Fracking has made Pennsylvania the second biggest gas-producing state in the U.S., while igniting fears about pollution and related health problems. Now a Franklin & Marshall College poll conducted Jan. 20-26 shows that Pennsylvania voters are split on the issue of banning fracking.

About half of the 628 voters surveyed say they support a ban on fracking like the one in New York —and about half do not: 48% support shale drilling, and 44% oppose it.

Banning fracking is particularly popular in Philadelphia and Pittsburgh. A fracking ban is opposed most strongly in the counties outside Pittsburgh, where much of it takes place.

“There is a general tendency where you see more support for a fracking ban in urban areas,” says Berwood Yost, director of the Center for Opinion Research at Franklin & Marshall College. “The less urbanized you get, the less support a ban would have.”

Another finding: Among registered voters, 48%, support a ban on fracking, while 39% oppose it.

“There’s not a clear consensus in the state about fracking, about whether it’s good or bad, or whether it should be banned or not,” says Yost. “You approach majority support for it, but you have some real differences here.”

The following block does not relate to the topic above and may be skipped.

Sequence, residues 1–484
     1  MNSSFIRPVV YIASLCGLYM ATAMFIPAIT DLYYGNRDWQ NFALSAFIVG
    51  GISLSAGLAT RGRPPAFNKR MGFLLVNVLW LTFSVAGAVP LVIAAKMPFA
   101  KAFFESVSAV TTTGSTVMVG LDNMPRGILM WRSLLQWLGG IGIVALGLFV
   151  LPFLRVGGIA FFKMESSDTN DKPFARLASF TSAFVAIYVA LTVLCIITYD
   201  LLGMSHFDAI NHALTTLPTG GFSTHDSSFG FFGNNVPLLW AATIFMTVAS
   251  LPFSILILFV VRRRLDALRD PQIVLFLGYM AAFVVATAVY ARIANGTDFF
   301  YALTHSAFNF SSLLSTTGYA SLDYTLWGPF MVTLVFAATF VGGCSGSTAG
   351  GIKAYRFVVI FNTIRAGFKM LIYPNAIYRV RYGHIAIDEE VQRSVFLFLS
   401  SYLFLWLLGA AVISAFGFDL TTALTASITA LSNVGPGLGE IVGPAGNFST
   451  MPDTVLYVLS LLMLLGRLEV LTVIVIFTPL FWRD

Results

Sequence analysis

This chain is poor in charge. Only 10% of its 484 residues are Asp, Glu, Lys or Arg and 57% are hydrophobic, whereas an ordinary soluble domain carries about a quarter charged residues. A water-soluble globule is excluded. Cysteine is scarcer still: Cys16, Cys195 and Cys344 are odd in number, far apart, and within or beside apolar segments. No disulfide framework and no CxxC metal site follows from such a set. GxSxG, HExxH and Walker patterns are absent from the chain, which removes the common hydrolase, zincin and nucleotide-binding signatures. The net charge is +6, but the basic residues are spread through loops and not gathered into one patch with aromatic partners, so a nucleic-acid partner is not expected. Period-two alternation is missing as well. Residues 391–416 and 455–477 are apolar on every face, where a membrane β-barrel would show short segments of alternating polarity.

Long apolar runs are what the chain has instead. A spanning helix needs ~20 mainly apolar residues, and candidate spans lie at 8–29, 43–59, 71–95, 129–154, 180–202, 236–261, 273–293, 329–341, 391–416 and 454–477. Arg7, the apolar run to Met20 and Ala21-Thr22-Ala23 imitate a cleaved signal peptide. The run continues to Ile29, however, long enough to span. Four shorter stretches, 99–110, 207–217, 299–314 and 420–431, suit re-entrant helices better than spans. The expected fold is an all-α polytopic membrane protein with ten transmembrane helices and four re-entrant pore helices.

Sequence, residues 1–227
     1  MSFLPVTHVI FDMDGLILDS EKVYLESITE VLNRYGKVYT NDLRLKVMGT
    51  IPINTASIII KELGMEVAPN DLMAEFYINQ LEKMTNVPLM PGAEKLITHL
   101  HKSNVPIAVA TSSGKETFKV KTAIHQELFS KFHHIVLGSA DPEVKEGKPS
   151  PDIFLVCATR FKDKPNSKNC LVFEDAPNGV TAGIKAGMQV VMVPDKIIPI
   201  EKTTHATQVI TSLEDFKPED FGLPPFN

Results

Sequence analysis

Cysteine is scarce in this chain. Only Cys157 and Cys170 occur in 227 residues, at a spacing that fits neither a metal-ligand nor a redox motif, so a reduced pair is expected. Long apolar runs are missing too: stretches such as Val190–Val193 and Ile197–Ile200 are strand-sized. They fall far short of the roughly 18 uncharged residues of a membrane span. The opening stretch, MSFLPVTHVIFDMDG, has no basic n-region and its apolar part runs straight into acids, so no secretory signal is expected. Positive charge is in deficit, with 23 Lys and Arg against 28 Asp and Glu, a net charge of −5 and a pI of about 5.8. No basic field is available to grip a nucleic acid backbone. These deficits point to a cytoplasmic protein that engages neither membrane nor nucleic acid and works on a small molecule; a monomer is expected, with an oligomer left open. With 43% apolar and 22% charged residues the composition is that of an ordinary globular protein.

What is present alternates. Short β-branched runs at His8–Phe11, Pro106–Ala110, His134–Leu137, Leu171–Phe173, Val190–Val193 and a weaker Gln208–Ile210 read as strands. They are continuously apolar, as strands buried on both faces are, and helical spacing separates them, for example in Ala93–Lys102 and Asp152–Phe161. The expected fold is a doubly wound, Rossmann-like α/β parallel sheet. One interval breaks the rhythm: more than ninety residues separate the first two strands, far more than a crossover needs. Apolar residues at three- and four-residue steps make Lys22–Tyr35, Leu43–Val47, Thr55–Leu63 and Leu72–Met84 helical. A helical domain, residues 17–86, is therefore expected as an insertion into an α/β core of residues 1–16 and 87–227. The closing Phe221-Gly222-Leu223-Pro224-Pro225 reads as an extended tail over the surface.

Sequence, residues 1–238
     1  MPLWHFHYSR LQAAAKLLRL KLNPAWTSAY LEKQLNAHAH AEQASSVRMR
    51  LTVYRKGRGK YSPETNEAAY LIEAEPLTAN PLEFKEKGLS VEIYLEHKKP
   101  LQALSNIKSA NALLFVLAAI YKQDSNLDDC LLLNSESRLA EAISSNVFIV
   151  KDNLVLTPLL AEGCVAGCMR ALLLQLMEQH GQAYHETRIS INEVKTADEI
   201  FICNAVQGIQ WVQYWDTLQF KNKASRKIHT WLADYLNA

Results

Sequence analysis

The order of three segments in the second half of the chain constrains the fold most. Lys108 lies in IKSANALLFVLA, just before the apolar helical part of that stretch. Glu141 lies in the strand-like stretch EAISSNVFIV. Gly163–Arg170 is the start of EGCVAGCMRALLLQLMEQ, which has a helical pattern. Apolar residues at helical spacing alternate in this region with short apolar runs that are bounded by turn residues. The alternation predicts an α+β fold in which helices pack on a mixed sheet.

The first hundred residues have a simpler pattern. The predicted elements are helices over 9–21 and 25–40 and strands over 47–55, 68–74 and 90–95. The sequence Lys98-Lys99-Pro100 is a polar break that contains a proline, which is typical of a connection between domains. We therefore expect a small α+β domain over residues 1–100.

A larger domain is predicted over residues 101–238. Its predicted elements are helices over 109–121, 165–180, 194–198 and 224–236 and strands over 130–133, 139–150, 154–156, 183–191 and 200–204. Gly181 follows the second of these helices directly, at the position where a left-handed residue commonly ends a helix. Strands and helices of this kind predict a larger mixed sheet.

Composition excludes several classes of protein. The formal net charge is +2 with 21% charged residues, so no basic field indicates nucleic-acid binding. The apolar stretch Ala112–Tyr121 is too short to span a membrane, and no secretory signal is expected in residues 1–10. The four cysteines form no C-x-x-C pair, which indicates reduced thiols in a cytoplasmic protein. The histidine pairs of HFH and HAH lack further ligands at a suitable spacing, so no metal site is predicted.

Other highlights:

  • Two-thirds of people under 35 favor a fracking ban.
  • Women are more likely to oppose a ban than men. “There is a gap there. It’s not as big as the age gap.”
  • Support also splits among education levels. Those least in favor of a fracking ban are those with a high school degree or less, while those with a college degree are more likely to be in support of a ban.

It’s unclear if banning fracking will prove a winning issue for any particular campaign this year. “Pennsylvanians have reached no consensus on fracking,” says Yost. “They generally may support it, but they may have some environmental concerns. They’re not sure if the economic benefits outweigh the risks.”